MIAMI (CBSMiami) – Early voting and vote-by-mail ballots for the Presidential Preference Primary is in full swing throughout Miami-Dade and Monroe Counties. Broward starts Saturday March 7.

Have you voted early or put your ballot in the mail already? What if you voted for one of the Democratic candidates who have dropped out of the race?  That’s the question many people are now asking themselves.

Unfortunately, the answer is nothing. There are no redo’s in the state of Florida, even if a candidate drops out of the race.

According to Florida Statute 103.101(3), if a candidate does not submit a formal withdrawal by December 9, 2019, the candidate’s name must remain on the Presidential Preference Primary (PPP) ballot for his or her respective party. A vote cast for any candidate appearing on the ballot will count as a vote for that candidate.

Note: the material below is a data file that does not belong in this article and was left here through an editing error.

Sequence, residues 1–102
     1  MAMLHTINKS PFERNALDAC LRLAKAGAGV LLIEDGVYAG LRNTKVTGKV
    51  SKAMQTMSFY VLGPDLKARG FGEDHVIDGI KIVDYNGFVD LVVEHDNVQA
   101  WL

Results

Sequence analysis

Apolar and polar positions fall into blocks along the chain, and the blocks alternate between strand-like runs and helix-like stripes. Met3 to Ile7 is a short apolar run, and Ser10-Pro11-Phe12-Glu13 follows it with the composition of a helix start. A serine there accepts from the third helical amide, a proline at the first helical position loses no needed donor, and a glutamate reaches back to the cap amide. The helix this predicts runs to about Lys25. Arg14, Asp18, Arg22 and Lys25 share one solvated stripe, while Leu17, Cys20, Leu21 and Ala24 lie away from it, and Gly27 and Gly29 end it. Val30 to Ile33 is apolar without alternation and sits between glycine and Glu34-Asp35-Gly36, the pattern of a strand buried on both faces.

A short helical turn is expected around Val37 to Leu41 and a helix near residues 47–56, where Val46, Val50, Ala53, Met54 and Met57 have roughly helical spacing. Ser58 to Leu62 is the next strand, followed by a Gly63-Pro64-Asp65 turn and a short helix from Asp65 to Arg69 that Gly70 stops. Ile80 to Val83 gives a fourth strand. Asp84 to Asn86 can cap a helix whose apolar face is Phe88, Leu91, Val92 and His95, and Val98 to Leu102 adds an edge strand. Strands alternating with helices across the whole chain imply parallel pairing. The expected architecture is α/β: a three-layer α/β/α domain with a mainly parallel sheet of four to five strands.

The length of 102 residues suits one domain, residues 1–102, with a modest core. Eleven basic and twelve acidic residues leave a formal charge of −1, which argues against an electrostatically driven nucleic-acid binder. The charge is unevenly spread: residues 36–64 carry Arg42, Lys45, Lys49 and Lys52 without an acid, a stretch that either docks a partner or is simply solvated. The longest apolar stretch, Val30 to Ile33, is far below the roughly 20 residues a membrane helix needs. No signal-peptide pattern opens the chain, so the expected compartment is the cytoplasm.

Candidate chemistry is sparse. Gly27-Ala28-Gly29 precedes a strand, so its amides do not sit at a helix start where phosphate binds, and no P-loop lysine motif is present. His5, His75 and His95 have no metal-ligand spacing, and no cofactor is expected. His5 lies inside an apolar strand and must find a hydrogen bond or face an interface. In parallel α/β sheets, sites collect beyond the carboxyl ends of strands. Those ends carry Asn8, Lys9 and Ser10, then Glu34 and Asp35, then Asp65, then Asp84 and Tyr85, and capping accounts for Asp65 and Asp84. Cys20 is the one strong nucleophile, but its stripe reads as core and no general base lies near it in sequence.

Related: Campaign 2020

More than 5,300 people have already voted early in Miami-Dade and nearly 600 in Monroe.

Across the state, the total is more than 38,000 early votes.

Approximately 78,000 people have submitted their vote-by-mail ballots in Miami-Dade and nearly 5,000 in Monroe.

Statewide, the number of counted vote-by-mail ballots is already more than 894,000.

EARLY VOTING for the presidential primaries:

Miami-Dade Early Voting runs March 2 – 15. 

Broward Early Voting runs March 7 – 15.

Monroe County Early Voting runs March 2- 15.

 

IMPORTANT DATES

  • March 17: Presidential primaries plus municipal elections in Surfside, Lauderdale-by-the-Sea, Lighthouse Point, Pembroke Pines, and Pompano Beach.
  • July 20: Last day to register to vote or change political party affiliation for the general election primary on Aug. 18.
  • Aug. 8-15: Early voting begins for the general election primary.
  • Aug. 18: General election primary.
  • Oct. 5: Last day to register to vote or change political party affiliation for the general election.
  • Oct. 24-31: Early voting for the general election.
  • Nov. 3: Election Day 2020. Includes presidential, congressional and state legislative elections, state constitutional amendments and local races.
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